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Wednesday, September 27, 2017

If You Have A Spare Evening, Spend An Hour And A Half With Henry Miller On An Odyssey


Recently I started reading The Colossus Of Maroussi after it's title came up again in a conversation one evening in reference to Greeks. I had earmarked it to read more than a decade ago but somehow time slipped away. 

When I began reading it I slipped into Miller's world very quickly and with a level of familiarity though he is often very liberal and flowery with his language and at times I feel I ought to have a dictionary loaded on my phone so I can search the meaning of some of the more obscure words he uses. The gist though is a love for Greeks and their culture but with reference to many of the characters that flow in and out of his world as he sails seas between islands and mainland.

I quoted in a recent newsletter one passage that caught my attention and used it to suggest that I thought that passionate people like Miller were often the types that wore neck wear of various modes and I was right. Miller, as I learned from the video below, was the son of a tailor and spent a number of years working the family business. He said that of all the things he took from his time there was an appreciation of good fabric in his hand and a knowledge of the way a suit ought to hang and drape off the human body. And it shows, Miller walks the streets of Paris in some superb ensembles. Even his pyjamas have that certain charm that shows he knows how to be in his element whether at home or out on the street.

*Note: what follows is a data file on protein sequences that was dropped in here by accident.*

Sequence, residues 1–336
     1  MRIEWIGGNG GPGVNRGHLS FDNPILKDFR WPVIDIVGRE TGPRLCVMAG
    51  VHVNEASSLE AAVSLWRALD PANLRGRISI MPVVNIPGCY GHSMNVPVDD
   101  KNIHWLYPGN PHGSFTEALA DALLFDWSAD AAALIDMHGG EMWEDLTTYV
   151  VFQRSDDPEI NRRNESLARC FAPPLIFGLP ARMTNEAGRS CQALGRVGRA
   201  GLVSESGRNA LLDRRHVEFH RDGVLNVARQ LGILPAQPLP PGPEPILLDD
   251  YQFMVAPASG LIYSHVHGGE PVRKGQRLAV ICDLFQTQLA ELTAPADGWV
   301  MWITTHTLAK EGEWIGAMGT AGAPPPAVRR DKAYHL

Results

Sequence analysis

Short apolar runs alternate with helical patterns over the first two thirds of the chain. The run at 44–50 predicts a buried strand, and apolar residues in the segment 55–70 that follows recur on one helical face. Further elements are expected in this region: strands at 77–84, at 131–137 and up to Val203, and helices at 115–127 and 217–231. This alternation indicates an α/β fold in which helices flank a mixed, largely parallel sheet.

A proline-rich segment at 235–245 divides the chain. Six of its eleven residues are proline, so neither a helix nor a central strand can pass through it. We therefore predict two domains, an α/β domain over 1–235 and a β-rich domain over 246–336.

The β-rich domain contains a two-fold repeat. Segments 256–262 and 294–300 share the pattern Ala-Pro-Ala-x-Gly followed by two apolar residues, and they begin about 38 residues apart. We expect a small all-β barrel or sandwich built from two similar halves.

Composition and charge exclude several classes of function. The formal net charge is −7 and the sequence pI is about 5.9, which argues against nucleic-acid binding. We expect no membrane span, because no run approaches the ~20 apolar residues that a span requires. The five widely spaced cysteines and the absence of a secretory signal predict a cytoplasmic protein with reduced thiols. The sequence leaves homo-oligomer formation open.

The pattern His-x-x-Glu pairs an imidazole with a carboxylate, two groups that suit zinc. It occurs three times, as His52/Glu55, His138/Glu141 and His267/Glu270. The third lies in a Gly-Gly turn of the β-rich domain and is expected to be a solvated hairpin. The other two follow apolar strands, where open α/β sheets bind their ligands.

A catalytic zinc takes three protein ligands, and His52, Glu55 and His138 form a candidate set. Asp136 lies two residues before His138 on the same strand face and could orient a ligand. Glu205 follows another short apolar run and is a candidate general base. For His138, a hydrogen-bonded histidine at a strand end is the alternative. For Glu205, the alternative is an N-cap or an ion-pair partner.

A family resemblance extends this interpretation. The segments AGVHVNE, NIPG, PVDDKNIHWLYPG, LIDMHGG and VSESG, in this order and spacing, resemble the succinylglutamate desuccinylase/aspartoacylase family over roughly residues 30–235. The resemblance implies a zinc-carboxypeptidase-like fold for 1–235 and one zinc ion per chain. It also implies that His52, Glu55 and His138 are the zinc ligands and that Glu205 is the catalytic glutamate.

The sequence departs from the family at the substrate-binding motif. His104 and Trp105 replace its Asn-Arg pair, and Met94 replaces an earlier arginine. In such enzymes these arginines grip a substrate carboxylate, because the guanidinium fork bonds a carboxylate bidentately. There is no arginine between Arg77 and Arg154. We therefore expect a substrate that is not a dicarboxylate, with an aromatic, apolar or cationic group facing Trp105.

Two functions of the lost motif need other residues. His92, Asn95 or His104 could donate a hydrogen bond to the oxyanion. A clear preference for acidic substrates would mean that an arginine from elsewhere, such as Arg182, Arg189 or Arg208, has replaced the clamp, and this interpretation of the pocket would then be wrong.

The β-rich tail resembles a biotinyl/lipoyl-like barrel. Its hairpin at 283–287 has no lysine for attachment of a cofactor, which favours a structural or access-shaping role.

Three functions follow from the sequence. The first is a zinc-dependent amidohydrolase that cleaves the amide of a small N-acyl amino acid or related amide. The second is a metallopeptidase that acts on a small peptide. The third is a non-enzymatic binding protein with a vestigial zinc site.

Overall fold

He also offers some superb wisdom as the odyssey unfolds and you meet the fellow writers, musicians, painters, psychologists and artists that make up his unique world. It is an old man casting his mind back on the world that he lived and it makes for great television.

In my world there has often been a need to try and create content to sell product which often erodes some of the real beauty and truth that can be told in life. Miller seems to have lead a life which did not hide or conceal his reality and experience of life. It is commendable that someone lives like this, a life spent not having to cover up the ugly bits, cropping out the background, removing those things which you must keep private. He talks openly about suicide, about the lack of affection his mother showed him, his father's drinking, his detestation for war and violence. 

Sometimes when I post content on social media I often think to myself "how will this appear to those that view it" and in fact I was asked today by a company to do some contract work outside my usual hours, to follow guidelines and work towards a 'social strategy'. I wonder how garish someone like Miller might find this new world we occupy.

If you have time, give this documentary a chance. You may fall asleep half way through, but when you re-open your eyes you will learn something new. 


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